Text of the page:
Angular 14 Tutorial- Routing & Navigation Services Tutorial

Angular Routing and Navigation Tutorial; We will learn in this tutorial how we can work with Routing & Navigation in an Angular web App.

This Angular tutorial is compatible with version 4+ including latest version 12, 11, 10, 9, 8 ,7, 6 & 5.

Routing helps us navigate between different web pages. Until now, we have already been to several websites with links pointing to another page.

We will be directed to a new page when we click on those links. This is done with the help of routing. The pages that we refer to will be in the form of components here.

 

Angular 14 Routing Example

  • Introduction to Angular Routing
  • Generate Angular Components for Routing & Navigation
  • Setup Router Service for navigation
  • Activate Router Service within the Angular Template

 

Generate Components

Here, we will create a component right now and see how we are going to achieve routing with it:

ng g c home
ng g c about

 

Setup Router Service for Navigation

Now, we will generate an app routing module for navigation using the below-mentioned command:

  • -flat adds the file in the src/app instead of its own folder.
  • module=app orders the Angular CLI to register it in the imports array of the AppModule:
ng generate module app-routing --flat --module=app

 

Once the app-routing module is created, then we go to the src > app > app-routing.module.ts file and add the given code:

app-routing.module.ts

import { NgModule } from '@angular/core';
import { CommonModule } from '@angular/common';
// RouterModule & Routes activate routing service in Angular
import { RouterModule, Routes } from '@angular/router';
// Include components for which router service to be activated
import { HomeComponent } from './home/home.component';
import { AboutComponent } from './about/about.component';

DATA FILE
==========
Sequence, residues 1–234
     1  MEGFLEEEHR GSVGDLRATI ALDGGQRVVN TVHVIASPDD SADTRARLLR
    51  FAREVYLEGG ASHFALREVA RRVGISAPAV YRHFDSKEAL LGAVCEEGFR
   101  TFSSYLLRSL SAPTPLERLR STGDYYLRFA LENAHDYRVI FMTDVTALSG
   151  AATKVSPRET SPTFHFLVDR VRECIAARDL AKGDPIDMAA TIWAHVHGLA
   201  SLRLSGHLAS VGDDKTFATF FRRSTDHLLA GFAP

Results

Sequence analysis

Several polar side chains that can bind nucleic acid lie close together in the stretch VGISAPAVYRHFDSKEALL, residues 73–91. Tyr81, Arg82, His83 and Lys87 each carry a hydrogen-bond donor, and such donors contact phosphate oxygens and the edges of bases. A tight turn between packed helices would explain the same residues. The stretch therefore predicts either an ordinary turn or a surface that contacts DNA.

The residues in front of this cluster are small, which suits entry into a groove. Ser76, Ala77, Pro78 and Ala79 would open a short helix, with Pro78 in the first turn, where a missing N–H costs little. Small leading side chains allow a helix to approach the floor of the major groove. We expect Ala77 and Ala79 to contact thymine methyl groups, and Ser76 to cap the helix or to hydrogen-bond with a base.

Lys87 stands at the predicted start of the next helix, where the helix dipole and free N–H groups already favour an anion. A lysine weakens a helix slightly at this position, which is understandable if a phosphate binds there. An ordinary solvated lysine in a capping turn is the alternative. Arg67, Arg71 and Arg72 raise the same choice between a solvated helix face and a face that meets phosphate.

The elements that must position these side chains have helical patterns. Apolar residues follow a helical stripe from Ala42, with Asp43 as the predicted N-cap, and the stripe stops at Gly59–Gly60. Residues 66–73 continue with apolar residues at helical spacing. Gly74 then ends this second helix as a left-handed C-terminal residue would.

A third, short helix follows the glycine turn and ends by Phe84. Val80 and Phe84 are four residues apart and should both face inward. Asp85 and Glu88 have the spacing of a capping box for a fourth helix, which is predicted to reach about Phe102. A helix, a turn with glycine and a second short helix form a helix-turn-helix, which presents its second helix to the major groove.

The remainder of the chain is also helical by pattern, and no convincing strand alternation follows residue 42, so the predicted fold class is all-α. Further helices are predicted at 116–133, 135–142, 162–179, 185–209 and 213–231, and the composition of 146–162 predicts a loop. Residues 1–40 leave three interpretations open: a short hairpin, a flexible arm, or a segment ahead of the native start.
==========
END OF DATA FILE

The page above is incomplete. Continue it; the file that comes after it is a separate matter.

// Routes array define component along with the path name for url
const routes: Routes = [
  { path: '', redirectTo: '/home', pathMatch: 'full' },
  { path: 'home', component: HomeComponent },
  { path: 'about', component: AboutComponent }
];
@NgModule({
  imports: [
    CommonModule, 
    RouterModule.forRoot(routes)
  ],
  exports: [
    RouterModule
  ],
  declarations: []
})
export class AppRoutingModule { }

 

forRoot is referred by the RouterModule. forRoot accepts inputs as an array.It also contains the object of the component and path. A class is named component and a router is named path. We are referring to the components within the app-routing.module.ts.

Here, we will go to the src > app > app.module.ts and add the following code to the app.module.ts.

app.module.ts:

import { BrowserModule } from '@angular/platform-browser';
import { NgModule } from '@angular/core';
import { AppComponent } from './app.component';
// Components
import { HomeComponent } from './home/home.component';
import { AboutComponent } from './about/about.component';
// AppRoutingModule registered by Angular CLI
import { AppRoutingModule } from './/app-routing.module';

@NgModule({
  declarations: [
    AppComponent,
    HomeComponent,
    AboutComponent
  ],
  imports: [
    BrowserModule,
    AppRoutingModule // Inject AppRoutingModule into imports array
  ],
  providers: [],
  bootstrap: [AppComponent]
})
export class AppModule { }

 

Activate Routing in the Angular

Now, we are going to display the component’s data whenever the user clicks on the Home and About link. We are going to use the given tags.

  • router=”inject component’s path here”
  • routerLinkActive=”inject active class here”

app.component.html

Further, we will go to the app.component.html file and use the below code:

<nav class="navbar navbar-expand-lg navbar-light bg-light">
  <div class="collapse navbar-collapse justify-content-center">
    <ul class="nav justify-content-center">
      <li class="nav-item">
        <a class="nav-link" routerLink="/home" routerLinkActive="active">
          Home
        </a>
      </li>
      <li class="nav-item">
        <a class="nav-link" routerLink="/about" routerLinkActive="active">
          About
        </a>
      </li>
    </ul>
  </div>
</nav>
<!-- 
  Use "<router-outlet></router-outlet>" for navigating 
  between the components for which router service is activated.
-->
<div class="container text-center" style="padding: 30px 0">
  <router-outlet></router-outlet>
</div>

 

Afterward, we will see the given output in the browser:

Angular Router Service Output

 

The page is not refreshed when a user clicks on home or about link. The contents will be shown to the user without any reloading. Only certain parts of the code will be reloaded when clicked.

 

it’s particularly helpful when we are dealing with heavy content on the page.

When we have to reload the heavy content multiple times, then it can be a taxing experience for the user and the server. So, we can say that this feature provides great user experience as users don’t have to go through reloading.

 

Conclusion

So, friends, in this Angular guide, we have learned about the routing and navigation services in an Angular app.

 

Thanks

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